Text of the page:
Posts Tagged ‘Flash Fiction’

As promised, SHALLOW WATERS VOL. 5:  A FLASH FICTION ANTHOLOGY is officially out on Kindle, at least for the present at only 99 cents for approximately 84 pages with 23 stories. For more one may press here.  My tale in the tote bag is called “Midnight Dark” (see April 8, March 24, et al.), officially blurbed as “A woman journeys north for survival.”  But the question is why she must travel, no?  And it’s listed fourth from last in the contents although, due to some late term editing, the title there is now slightly outdated.  So these things sometimes happen (in this case the “old” title is the one it had for the original competition).

To quote from publisher Crystal Lake:  SHALLOW WATERS is the official monthly flash fiction challenge hosted by the award-winning Crystal Lake Publishing.  Every month a new challenge is posted online, with authors submitting via email.  The best submissions are then posted on Crystal Lake’s Patreon page (an exclusive behind the scenes community of readers and authors), where patrons read daily entries and vote for the winner.  What you’ll find in these SHALLOW WATERS anthologies include the winners as well as the most popular of our finalists.  Stay tuned for more volumes in this series, or find Crystal Lake Publishing on Patreon to enter or vote on future challenges (or gain access to our STILL WATER BAY series).

Volume five includes suspenseful stories of horror on the road, war, graveyards, Karma, and Halloween.

Includes:
Introduction by Joe Mynhardt
“Driving On” by Guy Medley (winner)
“Dichotomy” by Jason Parent
“Babysitting for Writers” by Kevin David Anderson (winner)
“The Good Samaritan” by L.F. Falconer
“Of Debris and Duty” by John Boden
“The Visitors” by Mark Allan Gunnells
“Twenty Reasons to Stay and One to Leave” by Richard Thomas
“The Knights of Cold Days” by Dave Jeffery
“Travel Bag” by Bryan Miller
“In the Desert, In the Night” by Pedro Iniguez
“Grievance” by Christine Lajewski
“Fuel for My Fire” by Linsey Knerl
“The Dead Lands” by Anthony D Redden
“Welcome to Gothmart” by David Bernard
“The Mascot” by Jennifer K Carstens (winner)
“Wasteland” by Sheldon Woodbury
“All’s Fair” by Michelle Mellon
“Stay Away” by Michael Patrick Hicks
“The Road Home” by Rand Eastwood
“Midnight Sun” by James Dorr
“The Wind Stakes Its Claim” by Kris Kinsella
“The Forest of Skin” by Esteban Vargas
“Second Chance” by Alex Ebenstein (winner)

Its full title is SHALLOW WATERS VOL. 5:  A FLASH FICTION ANTHOLOGY and its Amazon description begins:  With 23 Dark Fiction & Horror tales diving beneath the surface of life, death, and the mystery that lies beneath.  Elsewhere it’s noted of shallow waters that that’s where “nothing stays buried.”  So what exposed treasure might I have therein (cf. March 24, October 15, et al.)?  A story of zombies, vampirism, and Christmas called “Midnight Dark.”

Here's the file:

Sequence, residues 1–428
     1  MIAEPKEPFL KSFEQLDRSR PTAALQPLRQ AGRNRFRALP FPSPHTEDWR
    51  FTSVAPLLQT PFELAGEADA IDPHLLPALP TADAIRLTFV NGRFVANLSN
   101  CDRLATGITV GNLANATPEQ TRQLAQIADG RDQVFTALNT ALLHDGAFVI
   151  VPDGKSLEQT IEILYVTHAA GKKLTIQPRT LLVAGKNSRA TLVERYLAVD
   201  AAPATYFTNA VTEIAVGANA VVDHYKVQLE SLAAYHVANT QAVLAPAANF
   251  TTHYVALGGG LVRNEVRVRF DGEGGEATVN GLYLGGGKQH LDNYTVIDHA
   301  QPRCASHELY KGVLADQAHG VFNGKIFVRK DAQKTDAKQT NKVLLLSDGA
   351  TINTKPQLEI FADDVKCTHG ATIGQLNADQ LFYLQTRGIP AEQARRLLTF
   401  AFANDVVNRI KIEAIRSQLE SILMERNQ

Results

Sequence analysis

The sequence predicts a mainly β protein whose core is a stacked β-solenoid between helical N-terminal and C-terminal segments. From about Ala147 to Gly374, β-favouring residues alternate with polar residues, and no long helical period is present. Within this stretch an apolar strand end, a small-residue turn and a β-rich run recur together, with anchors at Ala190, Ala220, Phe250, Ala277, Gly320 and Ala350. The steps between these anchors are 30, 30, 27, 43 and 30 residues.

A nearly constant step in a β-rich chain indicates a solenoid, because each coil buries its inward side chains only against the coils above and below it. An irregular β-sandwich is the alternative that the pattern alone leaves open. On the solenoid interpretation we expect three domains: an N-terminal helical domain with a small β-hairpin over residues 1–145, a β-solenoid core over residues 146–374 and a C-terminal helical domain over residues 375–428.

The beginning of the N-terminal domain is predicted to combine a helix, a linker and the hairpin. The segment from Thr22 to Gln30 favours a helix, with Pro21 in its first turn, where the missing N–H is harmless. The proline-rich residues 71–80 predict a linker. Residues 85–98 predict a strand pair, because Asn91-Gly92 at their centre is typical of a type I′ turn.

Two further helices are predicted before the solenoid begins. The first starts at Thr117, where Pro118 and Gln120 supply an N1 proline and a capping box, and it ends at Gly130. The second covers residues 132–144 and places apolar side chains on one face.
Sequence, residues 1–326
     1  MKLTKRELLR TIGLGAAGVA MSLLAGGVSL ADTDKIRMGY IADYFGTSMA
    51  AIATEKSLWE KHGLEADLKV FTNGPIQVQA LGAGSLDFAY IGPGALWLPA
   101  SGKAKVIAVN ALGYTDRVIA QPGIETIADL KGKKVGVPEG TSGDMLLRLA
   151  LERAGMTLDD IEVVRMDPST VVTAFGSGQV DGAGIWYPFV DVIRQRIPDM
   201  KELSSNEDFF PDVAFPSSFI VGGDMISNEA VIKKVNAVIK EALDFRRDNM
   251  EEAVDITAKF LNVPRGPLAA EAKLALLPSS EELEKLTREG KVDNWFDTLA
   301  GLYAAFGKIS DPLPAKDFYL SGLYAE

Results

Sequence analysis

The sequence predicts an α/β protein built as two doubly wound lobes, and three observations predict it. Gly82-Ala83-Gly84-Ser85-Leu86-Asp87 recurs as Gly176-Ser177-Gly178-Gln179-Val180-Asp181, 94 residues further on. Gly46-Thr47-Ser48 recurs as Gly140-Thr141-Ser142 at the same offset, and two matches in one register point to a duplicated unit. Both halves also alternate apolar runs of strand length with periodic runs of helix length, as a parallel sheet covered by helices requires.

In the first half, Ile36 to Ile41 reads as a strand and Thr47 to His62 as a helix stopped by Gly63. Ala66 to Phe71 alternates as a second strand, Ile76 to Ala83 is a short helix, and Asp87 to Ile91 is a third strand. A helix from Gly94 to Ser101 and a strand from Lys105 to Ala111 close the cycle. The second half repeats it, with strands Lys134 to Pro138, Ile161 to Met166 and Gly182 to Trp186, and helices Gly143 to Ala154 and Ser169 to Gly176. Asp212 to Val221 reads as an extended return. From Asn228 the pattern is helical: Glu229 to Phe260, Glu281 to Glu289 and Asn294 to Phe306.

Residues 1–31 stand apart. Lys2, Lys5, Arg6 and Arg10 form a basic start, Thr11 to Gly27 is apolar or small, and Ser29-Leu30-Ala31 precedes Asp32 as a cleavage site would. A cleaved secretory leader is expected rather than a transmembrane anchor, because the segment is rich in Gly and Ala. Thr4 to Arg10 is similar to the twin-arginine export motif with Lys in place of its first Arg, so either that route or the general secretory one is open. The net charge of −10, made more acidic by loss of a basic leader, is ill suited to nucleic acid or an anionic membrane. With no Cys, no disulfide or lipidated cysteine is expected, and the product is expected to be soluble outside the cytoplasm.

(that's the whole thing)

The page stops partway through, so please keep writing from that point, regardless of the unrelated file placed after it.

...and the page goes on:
The theme to write on, I recall, was “travel,” but that doesn’t necessarily mean all the tales will relate to that subject — the twenty-three chosen will have come from several of these calls.  But in any event the Kindle edition of SHALLOW WATERS 5, with new story “Midnight Dark,” will be available a week from now, Wednesday, April. 15, with more information including pre-ordering to be found by pressing here.

So today the governor of Indiana has ordered residents, with a few exceptions, to stay holed up at home until April 6.  That is, for two weeks (well actually thirteen days), with April 6 also the tentative date for the public library to reopen (see March 16, 14) — though when the time comes both closures could of course be extended.  Meanwhile the writing life, even if curtailed, continues.

Thus yesterday, from Crystal Lake Publishing Editor Joe Mynhardt, came the email:  I’d love to publish “Midnight Sun” in the next SHALLOW WATERS anthology, out around Mid-April. . . , but with one small catch.  We may recall that “Midnight Sun” scored last fall in a three-way tie for third place in Crystal Lake’s Flash Fiction Contest for “Travel Horror” (cf. October 15, 11, et al.), part of the prize being prospective future publication.  So the time has come, but the catch was an up-front request for possible editorial changes.

Well, that’s part of the writing life too and, as I looked the story over, I did see one thing that bothered me about it, a passage justifying the title that otherwise didn’t seem to make that much sense.  So I changed the passage — but also the title, the story of a Los Angeles vampire’s Christmas journey to the far north now renamed “Midnight Dark.”  Then a round of small changes from the publisher’s side, my okaying some, re-changing some others, all taking far longer than they otherwise might have due to the underpowered Cave Computer at this end.

But then nobody said it would be easy, right?  The changes went in Monday night, a contract came today (more problems for the Cave Computer), and a photograph of the signed contract plus an RTF copy of “Midnight Dark” with its final changes went back to Crystal Lake this evening.  The book, when it comes out, will be SHALLOW WATERS:  A FLASH FICTION ANTHOLOGY, VOL. 5, with more to come here as it becomes known.

Except he’s been demoted to just any “Prisoner” and beware of Episode 40 that went up today too.  In fact, timewise, #40 showed up in my email before the real McCoy, #39.  Such are the mysteries that roam the Interwebs.  Nevertheless the one titled “Prisoner,” née “The Third Prisoner,” originally published in LVWonline.org (as Honorable Mention, Ligonier Valley Writers 2008 Flash Fiction Contest, “Zombie Stories”, November 2008) as well as in Brazil in I ANTOLOGIA LUSIADAS (in Portuguese as “O Terceiro Prisioneiro,” Ediciones Lusiadas, 2009), along with a few other places in English, is now up with its slightly shortened title in FLASH IN A FLASH, EPISODE 39.  If you’re a subscriber, just plunk your email announcing the fact (cf. January 20, 14, et al.).

But if you’re not, there may still be time, and subscriptions to FLASH IN A FLASH are free. To try it out, press here.  Or if you prefer, I understand episodes are eventually gathered up for a future FLASH IN A FLASH anthology — except that that one probably won’t be free (of which more will be here when/if it becomes known).